I think in her case, the muscle loss is just due to the fact that she was in a really intense work-out program for a horse her age (3-4 1+hr rides/week, over really hilly terrain, all gaits) and that she typically builds muscle in a more bulky way...and then now she's not being ridden at all really so the bulky muscle is flattening out which seems weird to my eye...if that makes sense?
I'm not too worried about the muscle-loss itself since she's really returning to what she looked like (muscle-wise) 4 years ago when I bought her out of an 11 year retirement.
That was actually what made me wonder! "Good" thin or bad thin? I know my eye prefers a chubby horse so I'm probably biased towards any thin = "PANIC". haha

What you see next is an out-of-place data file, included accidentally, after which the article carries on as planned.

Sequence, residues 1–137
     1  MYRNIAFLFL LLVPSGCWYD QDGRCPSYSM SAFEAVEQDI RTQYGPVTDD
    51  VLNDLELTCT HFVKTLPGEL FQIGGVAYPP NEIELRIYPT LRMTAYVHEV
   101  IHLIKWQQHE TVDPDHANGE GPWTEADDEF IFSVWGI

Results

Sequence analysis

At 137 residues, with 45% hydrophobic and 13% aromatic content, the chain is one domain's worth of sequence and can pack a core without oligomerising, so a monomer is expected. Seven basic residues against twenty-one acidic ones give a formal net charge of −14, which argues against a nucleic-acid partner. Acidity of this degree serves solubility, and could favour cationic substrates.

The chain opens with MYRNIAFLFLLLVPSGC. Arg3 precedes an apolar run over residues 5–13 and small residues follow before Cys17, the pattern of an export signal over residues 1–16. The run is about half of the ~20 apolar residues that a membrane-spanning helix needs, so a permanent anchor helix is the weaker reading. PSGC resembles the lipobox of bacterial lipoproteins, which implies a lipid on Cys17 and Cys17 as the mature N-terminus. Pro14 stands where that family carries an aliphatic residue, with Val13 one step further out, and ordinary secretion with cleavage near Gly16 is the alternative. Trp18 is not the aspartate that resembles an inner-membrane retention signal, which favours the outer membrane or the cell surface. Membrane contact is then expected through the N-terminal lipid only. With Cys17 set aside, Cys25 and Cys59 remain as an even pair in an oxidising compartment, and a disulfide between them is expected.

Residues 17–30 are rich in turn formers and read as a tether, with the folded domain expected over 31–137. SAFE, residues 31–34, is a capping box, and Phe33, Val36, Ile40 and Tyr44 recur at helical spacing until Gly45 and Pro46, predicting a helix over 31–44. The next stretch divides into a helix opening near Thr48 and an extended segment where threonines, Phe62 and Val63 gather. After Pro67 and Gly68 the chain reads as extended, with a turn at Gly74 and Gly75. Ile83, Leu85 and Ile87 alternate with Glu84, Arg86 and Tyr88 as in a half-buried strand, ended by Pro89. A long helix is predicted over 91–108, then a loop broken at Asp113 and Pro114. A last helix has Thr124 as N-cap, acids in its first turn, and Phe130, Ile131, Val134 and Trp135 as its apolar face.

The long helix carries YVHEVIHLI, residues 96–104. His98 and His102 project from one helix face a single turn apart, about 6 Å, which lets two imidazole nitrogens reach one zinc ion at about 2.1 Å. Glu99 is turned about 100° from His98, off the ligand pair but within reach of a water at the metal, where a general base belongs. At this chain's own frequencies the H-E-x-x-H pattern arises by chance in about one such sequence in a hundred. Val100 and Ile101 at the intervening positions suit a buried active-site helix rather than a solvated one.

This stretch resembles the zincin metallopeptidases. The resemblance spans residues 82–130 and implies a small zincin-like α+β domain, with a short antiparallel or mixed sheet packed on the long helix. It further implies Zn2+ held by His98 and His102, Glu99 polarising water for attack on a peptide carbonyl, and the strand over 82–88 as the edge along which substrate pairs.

She is insulin resistant. At least, my vet and I have chosen to treat her like she is IR given her history, fat pads in the summer, etc. We determined that the least expensive option (I'm a college student with very limited funds), as long as she doesn't show a need to be tested (ie, no signs of cushings, etc), we would just assume that she's IR and manage her as such.
Re: her ribs - that's something I forgot to clarify. She's one of those really wide barreled horses that can look somewhat ribby even when the rest of her says she's obese. Since the ribs aren't constantly visible, I was unsure. Her backbone still has a good layer of chub, her neck is still somewhat cresty, her butt is still really filled out, it's just those ribs that say she's thin.
Here's a picture, a la last week:
That's a good point about a loose molar - would there be any other signs to look for, if that were the case?